Extracellular polysaccharides are compounds secreted by microorganisms into the surrounding environment, and they are important for surface attachment and maintaining structural integrity within biofilms. The social nature of many extracellular polysaccharides remains unclear, and it has been suggested that they could function as either cooperative public goods or as traits that provide a competitive advantage. Here, we empirically tested the cooperative nature of the PSL polysaccharide, which is crucial for the formation of biofilms in Pseudomonas aeruginosa. We show that (i) PSL is not metabolically costly to produce; (ii) PSL provides populationlevel benefits in biofilms, for both growth and antibiotic tolerance; (iii) the benefits of PSL production are social and are shared with other cells; (iv) the benefits of PSL production appear to be preferentially directed toward cells which produce PSL; (v) cells which do not produce PSL are unable to successfully exploit cells which produce PSL. Taken together, this suggests that PSL is a social but relatively nonexploitable trait and that growth within biofilms selects for PSL-producing strains, even when multiple strains are on a patch (low relatedness at the patch level).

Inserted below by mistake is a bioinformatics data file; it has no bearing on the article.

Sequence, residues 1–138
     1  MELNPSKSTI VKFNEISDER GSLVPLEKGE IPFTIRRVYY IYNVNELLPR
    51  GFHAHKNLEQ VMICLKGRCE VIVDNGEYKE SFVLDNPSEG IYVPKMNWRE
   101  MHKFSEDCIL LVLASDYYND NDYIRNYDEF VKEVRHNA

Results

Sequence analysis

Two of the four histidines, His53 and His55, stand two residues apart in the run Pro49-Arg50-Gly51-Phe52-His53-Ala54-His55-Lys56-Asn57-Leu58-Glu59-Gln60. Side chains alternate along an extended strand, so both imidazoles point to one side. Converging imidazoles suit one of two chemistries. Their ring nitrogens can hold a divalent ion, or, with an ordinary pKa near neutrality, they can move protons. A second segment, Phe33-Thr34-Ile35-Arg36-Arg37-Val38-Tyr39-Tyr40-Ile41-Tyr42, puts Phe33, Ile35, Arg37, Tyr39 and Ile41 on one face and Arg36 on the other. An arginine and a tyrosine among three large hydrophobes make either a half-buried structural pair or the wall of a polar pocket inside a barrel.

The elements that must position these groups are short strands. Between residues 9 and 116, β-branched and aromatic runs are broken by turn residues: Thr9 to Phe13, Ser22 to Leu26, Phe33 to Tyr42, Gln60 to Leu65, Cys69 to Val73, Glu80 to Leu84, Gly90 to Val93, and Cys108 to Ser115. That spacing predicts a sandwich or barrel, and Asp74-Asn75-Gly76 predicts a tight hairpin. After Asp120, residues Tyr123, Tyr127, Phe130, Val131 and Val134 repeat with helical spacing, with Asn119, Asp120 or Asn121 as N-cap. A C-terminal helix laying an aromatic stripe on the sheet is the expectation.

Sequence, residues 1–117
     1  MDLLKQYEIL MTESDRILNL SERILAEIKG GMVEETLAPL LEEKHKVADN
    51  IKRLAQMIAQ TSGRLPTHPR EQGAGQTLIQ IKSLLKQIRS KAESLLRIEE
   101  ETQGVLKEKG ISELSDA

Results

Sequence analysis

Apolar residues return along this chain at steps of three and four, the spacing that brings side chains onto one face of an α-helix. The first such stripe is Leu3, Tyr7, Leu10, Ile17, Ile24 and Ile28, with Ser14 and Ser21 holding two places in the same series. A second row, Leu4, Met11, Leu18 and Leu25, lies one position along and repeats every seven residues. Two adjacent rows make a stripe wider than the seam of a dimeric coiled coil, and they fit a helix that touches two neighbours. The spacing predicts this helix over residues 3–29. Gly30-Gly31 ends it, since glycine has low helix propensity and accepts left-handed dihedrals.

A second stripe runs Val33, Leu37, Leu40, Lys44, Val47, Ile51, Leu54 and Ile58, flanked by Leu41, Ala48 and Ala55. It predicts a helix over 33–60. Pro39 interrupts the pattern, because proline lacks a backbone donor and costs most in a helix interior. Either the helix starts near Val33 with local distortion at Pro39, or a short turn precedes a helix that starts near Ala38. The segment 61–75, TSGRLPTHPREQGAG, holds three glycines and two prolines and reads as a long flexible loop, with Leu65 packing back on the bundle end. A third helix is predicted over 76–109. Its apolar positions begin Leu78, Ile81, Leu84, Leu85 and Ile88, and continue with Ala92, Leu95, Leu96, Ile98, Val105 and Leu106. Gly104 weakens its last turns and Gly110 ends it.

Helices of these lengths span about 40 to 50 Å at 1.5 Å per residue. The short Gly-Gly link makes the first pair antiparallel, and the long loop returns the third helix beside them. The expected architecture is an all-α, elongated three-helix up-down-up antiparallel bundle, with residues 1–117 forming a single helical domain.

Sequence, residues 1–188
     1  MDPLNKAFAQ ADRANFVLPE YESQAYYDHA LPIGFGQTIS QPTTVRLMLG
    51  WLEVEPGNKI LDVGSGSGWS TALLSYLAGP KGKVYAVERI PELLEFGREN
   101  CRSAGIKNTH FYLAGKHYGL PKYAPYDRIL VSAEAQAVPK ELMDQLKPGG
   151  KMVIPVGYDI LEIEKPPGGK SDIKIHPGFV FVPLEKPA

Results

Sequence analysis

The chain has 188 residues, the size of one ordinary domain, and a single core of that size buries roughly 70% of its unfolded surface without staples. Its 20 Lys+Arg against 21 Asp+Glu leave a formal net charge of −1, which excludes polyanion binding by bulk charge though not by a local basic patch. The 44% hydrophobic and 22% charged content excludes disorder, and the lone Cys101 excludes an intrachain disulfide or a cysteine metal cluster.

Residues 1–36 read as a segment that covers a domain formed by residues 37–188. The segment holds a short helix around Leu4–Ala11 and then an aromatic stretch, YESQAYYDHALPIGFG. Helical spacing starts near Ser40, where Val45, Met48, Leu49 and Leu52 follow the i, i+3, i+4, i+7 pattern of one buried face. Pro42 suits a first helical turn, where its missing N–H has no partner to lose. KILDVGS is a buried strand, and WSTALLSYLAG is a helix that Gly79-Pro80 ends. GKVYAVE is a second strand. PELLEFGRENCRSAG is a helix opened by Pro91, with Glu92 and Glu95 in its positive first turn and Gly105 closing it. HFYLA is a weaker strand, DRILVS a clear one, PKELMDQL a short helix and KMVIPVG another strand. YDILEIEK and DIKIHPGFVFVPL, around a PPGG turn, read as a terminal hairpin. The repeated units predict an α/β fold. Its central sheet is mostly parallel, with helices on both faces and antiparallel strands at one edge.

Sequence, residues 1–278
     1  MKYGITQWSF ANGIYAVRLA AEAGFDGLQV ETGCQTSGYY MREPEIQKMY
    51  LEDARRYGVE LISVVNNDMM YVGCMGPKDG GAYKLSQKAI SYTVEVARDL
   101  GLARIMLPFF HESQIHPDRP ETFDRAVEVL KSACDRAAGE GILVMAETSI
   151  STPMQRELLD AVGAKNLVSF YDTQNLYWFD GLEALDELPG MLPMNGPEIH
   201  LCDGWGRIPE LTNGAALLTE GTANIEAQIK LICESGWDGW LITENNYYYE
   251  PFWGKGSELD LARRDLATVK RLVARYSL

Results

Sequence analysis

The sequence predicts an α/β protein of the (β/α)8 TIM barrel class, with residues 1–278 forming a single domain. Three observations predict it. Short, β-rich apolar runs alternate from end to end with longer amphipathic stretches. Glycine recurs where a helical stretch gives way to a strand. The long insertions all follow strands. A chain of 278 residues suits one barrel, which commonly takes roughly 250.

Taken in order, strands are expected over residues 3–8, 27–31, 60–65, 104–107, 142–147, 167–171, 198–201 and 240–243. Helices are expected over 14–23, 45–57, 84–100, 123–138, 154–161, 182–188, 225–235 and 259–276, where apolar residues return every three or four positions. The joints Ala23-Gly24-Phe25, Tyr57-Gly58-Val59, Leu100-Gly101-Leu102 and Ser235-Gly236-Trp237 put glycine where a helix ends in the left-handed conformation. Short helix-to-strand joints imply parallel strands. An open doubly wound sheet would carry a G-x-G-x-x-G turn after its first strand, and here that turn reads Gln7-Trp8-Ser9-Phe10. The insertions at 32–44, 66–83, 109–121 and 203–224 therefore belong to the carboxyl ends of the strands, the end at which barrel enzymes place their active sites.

Copyright © 2017 Irie et al.
American Society for Microbiology
Pseudomonas aeruginosa, social evolution, biofilms
Irie, Yasuhiko; Roberts, Aled E.; Kragh, Kasper N.; Gordon, Vernita D.; Hutchison, Jaime B.; Allen, Rosalind J.; Melaugh, Gavin; Bjarnsholt, Thomas; West, Stuart A.; and Diggle, Stephen P., "The 'Pseudomonas aeruginosa' PSL Polysaccharide Is a Social but Noncheatable Trait in Biofilms" (2017). Biology Faculty Publications. 218.